Saturday, November 19, 2011

One more

Another panel based on an earlier sketch. The main character, the detective, is again a man out of time, a bit like Athos in The Last Musketeer. The story takes place in the present, but he dresses in a fedora and trenchcoat, as if it was in the fourties. And he walks around in a French city, not in LA or San Fransisco.

Tuesday, November 15, 2011

Using more sketches

Another panel based on a sketch. Now that France is moving over to cable, all the tv antennas will probably be taken down. Which is almost a shame. The rooftops won't be the same without them.

Monday, November 14, 2011

Using sketches

One good thing about having done a lot of sketches this summer is that I can use them in my comic, since the story takes place in Montpellier. I used to walk around and take photos, but that is something I try to avoid now. If I need a character walking in a street I just go out and draw the background directly on the original.

Sunday, November 13, 2011

Dune Avatar

I re-watched Dune the other day. Okay, it's not a perfect film... It's complicated and overserious. Half the time you're sitting there, thinking, what the hell is going on?! The dialogue is stilted; hearing the characters' thoughts doesn't help. The acting is not very good. Or it's as if they're acting in an old silent film. The music is by Toto for chrissake. But I can't help but like the film. It has a unique look, the whole Victorian influenced production design. The worms look great. The opening scene with the mutated navigator is terrific. And then, unfortunately, it falls apart.

I also found a used copy of Avatar and gave it a new look. The first time I saw it was in the cinema, but the 3D glasses gave me a headache, and after the first hour I just sat there waiting for the film to end. The film has the look of a progrock albumcover from 75, that same airbrushed look. Everything is too perfect. What kind of jungle looks like this? And doing everything in the computer, it feels like the director is tempted to put in too many details. It makes me think of the Emperor (?) in Amadeus: There's simply too many notes! Okay, the dinosaurs look good, and the flying dinosaur sequences are impressive, but the aliens, the navi, still look fake. And it's hard not to compare the final fight with the one in Aliens, where Ripley fights the alien queen, which one looks most real and intense?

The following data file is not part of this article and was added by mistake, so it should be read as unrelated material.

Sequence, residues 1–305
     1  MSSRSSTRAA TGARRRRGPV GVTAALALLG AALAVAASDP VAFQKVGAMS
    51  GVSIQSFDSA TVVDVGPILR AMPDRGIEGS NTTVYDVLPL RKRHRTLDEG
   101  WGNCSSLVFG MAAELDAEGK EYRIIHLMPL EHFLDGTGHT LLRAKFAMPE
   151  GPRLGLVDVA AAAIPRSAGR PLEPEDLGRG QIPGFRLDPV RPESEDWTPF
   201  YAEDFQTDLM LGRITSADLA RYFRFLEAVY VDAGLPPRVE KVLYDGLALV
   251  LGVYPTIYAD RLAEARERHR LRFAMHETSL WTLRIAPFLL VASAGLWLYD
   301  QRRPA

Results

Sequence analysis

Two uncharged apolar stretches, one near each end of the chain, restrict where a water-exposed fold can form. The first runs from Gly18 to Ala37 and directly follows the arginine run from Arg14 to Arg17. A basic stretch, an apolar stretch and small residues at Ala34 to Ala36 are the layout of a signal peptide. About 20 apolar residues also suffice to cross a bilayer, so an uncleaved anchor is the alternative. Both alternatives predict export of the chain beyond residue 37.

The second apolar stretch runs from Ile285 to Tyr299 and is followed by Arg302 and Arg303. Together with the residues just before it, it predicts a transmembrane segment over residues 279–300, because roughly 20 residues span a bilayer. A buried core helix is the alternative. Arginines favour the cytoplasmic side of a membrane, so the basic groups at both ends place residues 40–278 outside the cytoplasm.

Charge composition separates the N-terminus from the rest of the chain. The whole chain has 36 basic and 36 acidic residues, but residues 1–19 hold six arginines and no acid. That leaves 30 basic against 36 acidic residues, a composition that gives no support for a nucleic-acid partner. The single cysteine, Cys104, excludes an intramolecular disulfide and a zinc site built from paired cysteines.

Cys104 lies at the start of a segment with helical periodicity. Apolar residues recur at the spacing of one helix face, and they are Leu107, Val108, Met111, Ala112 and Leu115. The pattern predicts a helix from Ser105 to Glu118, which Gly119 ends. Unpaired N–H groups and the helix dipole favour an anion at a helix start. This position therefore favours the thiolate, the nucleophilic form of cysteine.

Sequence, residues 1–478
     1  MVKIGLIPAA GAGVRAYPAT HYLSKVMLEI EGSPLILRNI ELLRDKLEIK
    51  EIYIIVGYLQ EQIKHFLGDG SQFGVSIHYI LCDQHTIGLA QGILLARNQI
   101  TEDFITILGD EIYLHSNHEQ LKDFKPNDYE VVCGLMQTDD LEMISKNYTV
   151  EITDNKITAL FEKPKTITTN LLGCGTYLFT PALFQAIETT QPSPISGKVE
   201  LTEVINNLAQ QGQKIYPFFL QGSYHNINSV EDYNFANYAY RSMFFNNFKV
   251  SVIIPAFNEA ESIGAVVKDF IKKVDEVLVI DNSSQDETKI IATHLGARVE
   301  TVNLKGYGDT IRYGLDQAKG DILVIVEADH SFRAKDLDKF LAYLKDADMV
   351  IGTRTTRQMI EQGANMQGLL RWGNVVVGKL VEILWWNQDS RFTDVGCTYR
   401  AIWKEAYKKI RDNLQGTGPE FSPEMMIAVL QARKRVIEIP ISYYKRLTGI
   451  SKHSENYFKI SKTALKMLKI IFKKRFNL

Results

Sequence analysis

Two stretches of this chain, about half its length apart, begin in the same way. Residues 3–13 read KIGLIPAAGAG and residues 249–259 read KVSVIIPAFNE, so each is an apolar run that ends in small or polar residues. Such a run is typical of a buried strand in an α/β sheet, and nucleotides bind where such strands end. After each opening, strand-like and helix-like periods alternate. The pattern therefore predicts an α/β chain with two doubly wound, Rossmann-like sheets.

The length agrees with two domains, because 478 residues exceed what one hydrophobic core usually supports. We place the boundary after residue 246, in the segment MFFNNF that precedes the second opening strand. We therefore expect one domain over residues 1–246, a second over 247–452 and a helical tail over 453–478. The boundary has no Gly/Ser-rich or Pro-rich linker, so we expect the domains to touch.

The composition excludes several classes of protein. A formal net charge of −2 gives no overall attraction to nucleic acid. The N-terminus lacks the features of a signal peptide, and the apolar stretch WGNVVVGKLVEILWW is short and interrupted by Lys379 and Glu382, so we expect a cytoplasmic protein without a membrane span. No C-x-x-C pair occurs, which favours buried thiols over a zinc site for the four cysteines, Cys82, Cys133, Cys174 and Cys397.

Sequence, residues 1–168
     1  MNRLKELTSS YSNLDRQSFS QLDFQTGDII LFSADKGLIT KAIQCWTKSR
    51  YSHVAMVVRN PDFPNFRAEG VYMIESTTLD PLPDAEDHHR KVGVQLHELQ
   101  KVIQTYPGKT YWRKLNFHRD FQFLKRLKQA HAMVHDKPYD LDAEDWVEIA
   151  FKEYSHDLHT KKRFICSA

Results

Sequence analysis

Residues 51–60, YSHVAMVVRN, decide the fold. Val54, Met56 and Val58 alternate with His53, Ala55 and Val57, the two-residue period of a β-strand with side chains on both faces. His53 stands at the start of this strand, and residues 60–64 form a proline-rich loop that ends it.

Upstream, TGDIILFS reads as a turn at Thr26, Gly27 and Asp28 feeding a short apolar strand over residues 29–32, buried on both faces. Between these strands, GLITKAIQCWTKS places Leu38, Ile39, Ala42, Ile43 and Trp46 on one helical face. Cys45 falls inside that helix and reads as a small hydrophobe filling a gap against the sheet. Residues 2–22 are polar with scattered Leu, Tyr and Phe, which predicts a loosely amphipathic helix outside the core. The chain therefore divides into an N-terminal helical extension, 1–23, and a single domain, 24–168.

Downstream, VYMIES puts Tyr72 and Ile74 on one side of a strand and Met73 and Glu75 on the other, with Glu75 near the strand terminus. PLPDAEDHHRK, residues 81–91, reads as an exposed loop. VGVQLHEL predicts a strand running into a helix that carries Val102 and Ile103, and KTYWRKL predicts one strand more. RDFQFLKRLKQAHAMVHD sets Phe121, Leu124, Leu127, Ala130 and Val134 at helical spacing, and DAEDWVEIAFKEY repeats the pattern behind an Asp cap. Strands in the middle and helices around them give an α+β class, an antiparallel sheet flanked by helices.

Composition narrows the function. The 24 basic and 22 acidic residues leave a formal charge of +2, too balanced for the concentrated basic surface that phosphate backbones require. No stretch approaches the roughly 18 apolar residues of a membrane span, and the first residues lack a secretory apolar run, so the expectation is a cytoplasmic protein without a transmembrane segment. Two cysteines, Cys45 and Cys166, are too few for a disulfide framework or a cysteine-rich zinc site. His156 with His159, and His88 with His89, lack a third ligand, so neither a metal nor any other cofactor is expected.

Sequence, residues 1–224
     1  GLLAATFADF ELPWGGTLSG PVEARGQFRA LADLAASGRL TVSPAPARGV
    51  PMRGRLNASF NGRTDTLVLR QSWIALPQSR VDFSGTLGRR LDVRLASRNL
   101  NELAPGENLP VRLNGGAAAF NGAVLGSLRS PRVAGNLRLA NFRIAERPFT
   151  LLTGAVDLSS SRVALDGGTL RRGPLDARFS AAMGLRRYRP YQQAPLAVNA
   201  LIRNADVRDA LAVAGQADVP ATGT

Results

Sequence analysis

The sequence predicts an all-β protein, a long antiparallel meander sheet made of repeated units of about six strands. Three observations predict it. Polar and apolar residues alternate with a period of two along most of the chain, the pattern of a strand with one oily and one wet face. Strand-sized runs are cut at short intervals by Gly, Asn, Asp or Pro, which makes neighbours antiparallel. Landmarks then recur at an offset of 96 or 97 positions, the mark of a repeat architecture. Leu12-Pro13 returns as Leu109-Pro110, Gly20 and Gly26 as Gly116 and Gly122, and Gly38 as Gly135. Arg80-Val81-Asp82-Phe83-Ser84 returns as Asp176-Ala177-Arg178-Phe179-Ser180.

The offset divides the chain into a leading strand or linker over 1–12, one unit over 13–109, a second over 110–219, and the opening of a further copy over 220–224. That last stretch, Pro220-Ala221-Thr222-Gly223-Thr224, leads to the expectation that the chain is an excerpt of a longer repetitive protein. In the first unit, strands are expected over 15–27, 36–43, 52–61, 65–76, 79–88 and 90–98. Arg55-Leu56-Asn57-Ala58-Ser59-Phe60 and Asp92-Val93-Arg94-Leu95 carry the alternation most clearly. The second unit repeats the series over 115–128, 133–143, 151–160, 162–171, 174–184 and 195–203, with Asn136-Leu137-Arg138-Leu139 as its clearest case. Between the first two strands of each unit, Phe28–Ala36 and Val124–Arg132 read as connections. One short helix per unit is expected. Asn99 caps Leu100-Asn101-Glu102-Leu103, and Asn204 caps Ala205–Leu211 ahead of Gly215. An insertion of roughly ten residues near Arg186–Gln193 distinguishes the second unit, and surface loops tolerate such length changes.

I watched Dr. Zhivago some time ago. The film is from 1965. If it was made today, almost fifty years later, it would almost certainly not look as good. Then everything was filmed in camera, today there would have been lots of CGI, and sorry, but most of it still looks fake. The simplest thing, like a blue sky and clouds outside a window, looks fake. If Jaws was made today, would it be as good? What's scary about the original one is that we almost never see the shark! Today it would have been there from the beginning. The first and the last Indiana Jones film, which one looks best? Will the new Alien film look half as convincing as the original one?

So, anyway... Dune 1 Avatar 0.

Wednesday, November 9, 2011

Tuesday, November 8, 2011

And another panel

The story will be in black and white + red colour pencil.

Brian De Palma

Top five Brian De Palma films:
1. Blow Out
2. Dressed to Kill
3. Carlito's Way
4. The Untouchables
5. Mission Impossible

Monday, November 7, 2011

Another panel...

...from the new story. I got about 50 pages in various states of being sketched, penciled and inked. For the moment it looks like it will be around 150-160 pages. So I guess this will be my first graphic novel. That means I'm a... I'm a... graphic novelist! Woo hoo!

Sunday, November 6, 2011


Top five Hitchcock films:
1. North by Northwest
2. Rear Window
3. The Man Who Knew Too Much (1956 version)
4. Psycho
5. Notorious